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Childhood-Onset Fluency Disorder (Stuttering)

Kathryn Patricelli, MA

What is Childhood-Onset Fluency Disorder (Stuttering)?

Childhood-Onset Fluency Disorder, more commonly known as Stuttering, is a Communication Disorder. Speech problems are often caused by problems with the body's nervous system. The problems between the brain and the nervous system affect the use of language, speech or communication.

Symptoms of this disorder include:

  • problems in the timing patterns of saying words that would not be expected based on the child's age. These issues continue over time and are characterized by:
    • sound and syllable repetitions (the person sounds like they got stuck on a word or part of a word and are repeating it over and over such as "W-W-W-W-Where are we going today?")
    • making consonants or vowels in words longer than they should be (saying "ssssstop" instead of "stop" with solid "s" at the beginning)
    • broken words (pauses within a single word such as "st---op")
    • using other words to avoid using one that they have trouble saying or inserting words like "um" or "uh" into the sentence in order to try to make the delay between words less noticeable.
    • repeating single syllable whole words (for example, "I-I-I-I-I want to go to the store.")
  • these issues cause problems in school, in talking with others, or both.
  • the symptoms first showed up when the child was 2 to 4 years-old
  • the problems are happening because of speech-motor disorder, conditions that affected the person's brain, such as a stroke, tumor or trauma, or any other medical condition.

How common is Stuttering?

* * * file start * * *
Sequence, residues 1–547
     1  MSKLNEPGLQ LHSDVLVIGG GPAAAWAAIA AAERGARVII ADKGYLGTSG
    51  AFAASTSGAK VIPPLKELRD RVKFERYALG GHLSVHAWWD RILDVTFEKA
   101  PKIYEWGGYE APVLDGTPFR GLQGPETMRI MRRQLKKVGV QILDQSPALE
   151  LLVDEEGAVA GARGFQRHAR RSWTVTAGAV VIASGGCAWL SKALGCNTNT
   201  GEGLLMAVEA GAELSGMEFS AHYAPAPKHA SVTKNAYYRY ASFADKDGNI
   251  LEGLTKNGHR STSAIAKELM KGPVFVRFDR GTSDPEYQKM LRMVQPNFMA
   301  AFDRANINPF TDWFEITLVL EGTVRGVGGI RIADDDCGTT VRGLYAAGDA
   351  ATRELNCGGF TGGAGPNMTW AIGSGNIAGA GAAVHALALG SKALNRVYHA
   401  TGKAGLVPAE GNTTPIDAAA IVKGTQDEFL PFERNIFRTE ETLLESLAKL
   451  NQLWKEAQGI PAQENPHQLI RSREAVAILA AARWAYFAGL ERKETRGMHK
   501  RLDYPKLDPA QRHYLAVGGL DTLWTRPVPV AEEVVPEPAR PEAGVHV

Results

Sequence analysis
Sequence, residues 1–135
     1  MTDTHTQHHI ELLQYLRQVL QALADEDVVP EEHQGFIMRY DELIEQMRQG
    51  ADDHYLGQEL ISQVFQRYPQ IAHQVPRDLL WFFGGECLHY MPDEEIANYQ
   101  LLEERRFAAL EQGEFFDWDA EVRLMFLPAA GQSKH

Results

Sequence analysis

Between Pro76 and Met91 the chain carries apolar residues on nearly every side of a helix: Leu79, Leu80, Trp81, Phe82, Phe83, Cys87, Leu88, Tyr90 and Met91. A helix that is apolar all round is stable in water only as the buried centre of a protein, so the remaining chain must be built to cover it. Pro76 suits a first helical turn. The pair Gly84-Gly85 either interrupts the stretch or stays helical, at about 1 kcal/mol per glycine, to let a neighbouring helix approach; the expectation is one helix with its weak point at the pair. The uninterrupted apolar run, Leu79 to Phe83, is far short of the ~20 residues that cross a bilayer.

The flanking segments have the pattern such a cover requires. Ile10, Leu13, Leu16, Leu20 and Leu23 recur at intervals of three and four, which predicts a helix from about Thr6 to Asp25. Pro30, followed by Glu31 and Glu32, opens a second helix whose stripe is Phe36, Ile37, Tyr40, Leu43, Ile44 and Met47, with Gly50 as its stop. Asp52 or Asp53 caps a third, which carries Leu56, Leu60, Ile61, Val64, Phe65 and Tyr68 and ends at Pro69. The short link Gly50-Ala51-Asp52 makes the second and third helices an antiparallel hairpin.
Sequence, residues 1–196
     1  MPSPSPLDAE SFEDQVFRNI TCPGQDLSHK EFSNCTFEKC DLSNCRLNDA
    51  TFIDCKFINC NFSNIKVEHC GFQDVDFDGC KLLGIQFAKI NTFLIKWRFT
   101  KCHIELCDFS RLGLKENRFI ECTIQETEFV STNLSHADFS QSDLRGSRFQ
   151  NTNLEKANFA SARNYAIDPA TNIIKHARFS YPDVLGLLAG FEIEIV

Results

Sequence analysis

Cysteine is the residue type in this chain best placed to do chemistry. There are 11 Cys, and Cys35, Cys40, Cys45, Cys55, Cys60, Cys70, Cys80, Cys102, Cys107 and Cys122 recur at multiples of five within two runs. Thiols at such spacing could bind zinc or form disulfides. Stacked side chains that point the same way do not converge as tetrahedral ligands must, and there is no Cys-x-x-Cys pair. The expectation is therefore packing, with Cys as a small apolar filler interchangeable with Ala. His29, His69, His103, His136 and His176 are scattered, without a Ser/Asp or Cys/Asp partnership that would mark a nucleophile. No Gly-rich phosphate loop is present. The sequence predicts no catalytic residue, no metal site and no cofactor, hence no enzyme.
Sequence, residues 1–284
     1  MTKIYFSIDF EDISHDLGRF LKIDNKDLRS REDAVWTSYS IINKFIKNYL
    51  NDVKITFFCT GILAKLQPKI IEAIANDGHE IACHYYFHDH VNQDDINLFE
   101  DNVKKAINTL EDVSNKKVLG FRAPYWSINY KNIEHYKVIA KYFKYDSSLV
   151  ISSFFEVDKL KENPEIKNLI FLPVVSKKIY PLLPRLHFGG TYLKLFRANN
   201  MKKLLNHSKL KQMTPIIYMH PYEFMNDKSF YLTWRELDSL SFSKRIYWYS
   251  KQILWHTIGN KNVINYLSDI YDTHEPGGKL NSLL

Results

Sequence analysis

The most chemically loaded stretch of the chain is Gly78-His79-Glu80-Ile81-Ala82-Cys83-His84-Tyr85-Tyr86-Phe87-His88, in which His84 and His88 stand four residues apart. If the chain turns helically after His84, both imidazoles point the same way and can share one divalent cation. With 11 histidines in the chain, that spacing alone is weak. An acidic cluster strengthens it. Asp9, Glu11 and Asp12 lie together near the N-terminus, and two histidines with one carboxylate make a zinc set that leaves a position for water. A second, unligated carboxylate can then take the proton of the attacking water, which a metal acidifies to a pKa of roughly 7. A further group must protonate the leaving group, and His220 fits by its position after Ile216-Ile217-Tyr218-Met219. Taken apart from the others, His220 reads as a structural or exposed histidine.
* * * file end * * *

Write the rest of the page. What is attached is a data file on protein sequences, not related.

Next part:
80-90% of children that have problems with stuttering will have issues by the time they are 6 years old. The problems usually start between ages 2 and 7 and often the first signs are repeating the consonants at the beginning of words (w-w-w-what), the whole first word in a sentence (I-I-I-I), or with harder or longer words. In the beginning, the child may not even realize that they are stuttering. Once they do notice, they may start to feel afraid and try to avoid having to say the words that they have problems with.

Research has found that 65-85% of children who have stuttering problems can overcome the issue. If the child is still showing severe symptoms at about age 8, then problems could continue when they are a teen or adult.

What are the risk factors for Stuttering?

If a child has a parent, brother or sister with the disorder, they are 3 times more likely to have issues than other children.

Anxiety and stress can also make stuttering issues worse.

If the stuttering has been happening for more than 6 months or there are strong fears about the stuttering by either the child or the family, then an evaluation should be done.

What other disorders or conditions often occur with Stuttering?

Children with this disorder have many different language abilities, so any connection between stuttering and other conditions has not yet been found.

How is Stuttering treated?

If a parent is worried about how a child's stuttering, they should start with the child's doctor first. The doctor may suggest that the family talk to a person who is trained to test and treat people with speech or language disorders (a speech-language pathologist). That person will talk about the child's skills and will use special tests. A hearing test is often done because hearing problems can affect learning how to talk.

They may suggest more tests and a check-up by a person trained to identify and measure hearing loss (an audiologist), or a psychologist who is an expert in how children grow and develop. After the tests are done, they may suggest the parents do things at home to help the child practice and improve in talking. The speech therapist will also usually work with the child to help improve speaking skills or to control or monitor breathing and speech rate to reduce the stuttering. After initial skills are taught and practiced, follow-up sessions may be done on an ongoing basis to allow additional practice time and support.

Psychotherapy, including cognitive behavioral therapy, may also be used to help the child deal with their feelings about the problems that they may be having because of their stuttering. Family therapy may also be used to teach family members how to help the child as he/she works to stop the stuttering.